This is speculative. I don't know whether it works empirically. Or, I should say, I don't know how much it works empirically. The effect I am talking about here might be large, and explain almost everything. Or it might be small, and explain almost nothing. I'm just throwing it out there.
Legally required reserves, if those reserves pay low or no interest, are a tax on banks. For a 10% required reserve ratio, where required reserves pay 0% interest, for every $100 in deposits a bank issues, it must give an interest-free loan of $10 to the government. If market rates of interest are (say) 5%, that is equivalent to a 0.5% annual tax on deposits held at banks.
The main reason that Canada got rid of required reserves 20 years ago was precisely to eliminate this tax on banks, and to 'level the playing field' between banks and other financial intermediaries. (And because the Bank of Canada figured it did not need required reserves to help it control monetary policy.) The Bank of Canada also pays interest on the very small amounts of reserves the banks do choose to hold, and that interest rate is only 0.25% below the target for the overnight rate of interest.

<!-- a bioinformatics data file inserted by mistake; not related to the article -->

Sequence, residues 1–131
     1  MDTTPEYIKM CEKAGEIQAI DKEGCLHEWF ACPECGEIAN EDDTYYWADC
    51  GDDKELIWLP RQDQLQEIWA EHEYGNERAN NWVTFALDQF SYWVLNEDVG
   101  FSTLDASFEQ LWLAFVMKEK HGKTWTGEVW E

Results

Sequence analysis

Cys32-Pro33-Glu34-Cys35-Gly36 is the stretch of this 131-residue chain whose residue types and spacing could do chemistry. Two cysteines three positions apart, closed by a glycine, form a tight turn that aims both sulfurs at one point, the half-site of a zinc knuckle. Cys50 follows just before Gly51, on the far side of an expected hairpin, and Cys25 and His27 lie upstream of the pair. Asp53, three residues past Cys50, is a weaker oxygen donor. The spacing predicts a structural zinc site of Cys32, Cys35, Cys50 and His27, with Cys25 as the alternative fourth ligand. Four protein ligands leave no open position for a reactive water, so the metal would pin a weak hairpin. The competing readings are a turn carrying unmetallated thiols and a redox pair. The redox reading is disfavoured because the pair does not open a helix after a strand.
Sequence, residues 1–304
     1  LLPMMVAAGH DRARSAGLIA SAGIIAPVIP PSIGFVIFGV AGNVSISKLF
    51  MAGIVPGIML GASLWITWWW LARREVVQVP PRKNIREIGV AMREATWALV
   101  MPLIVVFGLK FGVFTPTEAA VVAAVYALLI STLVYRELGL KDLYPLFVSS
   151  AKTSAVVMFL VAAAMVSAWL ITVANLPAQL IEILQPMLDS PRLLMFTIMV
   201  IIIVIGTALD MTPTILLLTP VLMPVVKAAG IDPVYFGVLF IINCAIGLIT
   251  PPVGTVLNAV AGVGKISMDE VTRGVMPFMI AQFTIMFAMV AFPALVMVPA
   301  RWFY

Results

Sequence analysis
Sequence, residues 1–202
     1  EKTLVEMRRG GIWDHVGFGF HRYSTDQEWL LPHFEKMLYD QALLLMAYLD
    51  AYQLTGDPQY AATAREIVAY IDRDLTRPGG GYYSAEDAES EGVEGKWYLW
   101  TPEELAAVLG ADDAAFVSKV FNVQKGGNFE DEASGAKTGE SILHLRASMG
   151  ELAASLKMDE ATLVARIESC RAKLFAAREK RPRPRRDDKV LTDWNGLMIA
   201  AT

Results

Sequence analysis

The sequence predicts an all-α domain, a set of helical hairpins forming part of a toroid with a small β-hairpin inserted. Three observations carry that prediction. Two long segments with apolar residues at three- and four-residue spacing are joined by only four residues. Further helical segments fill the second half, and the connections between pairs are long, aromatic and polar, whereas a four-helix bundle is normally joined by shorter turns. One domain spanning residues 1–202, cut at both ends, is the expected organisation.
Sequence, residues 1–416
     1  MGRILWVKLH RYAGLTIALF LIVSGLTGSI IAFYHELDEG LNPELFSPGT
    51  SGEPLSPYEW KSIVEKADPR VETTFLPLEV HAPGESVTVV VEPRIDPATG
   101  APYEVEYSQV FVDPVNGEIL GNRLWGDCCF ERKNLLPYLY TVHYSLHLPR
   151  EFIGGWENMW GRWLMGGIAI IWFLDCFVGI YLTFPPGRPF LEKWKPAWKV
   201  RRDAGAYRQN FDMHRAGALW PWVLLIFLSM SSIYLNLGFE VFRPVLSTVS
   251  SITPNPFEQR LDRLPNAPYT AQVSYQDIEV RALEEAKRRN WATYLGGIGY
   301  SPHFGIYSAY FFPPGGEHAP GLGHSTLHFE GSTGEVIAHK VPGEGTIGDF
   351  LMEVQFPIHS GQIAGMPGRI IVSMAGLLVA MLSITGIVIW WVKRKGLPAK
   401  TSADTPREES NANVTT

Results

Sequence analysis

If you put a tax on apples, and not on pears, and if apples and pears are substitutes in both supply and demand, the market will respond by producing fewer apples and more pears. The pear industry will expand to avoid the tax on apples. We will see more pear trees, and fewer apple trees.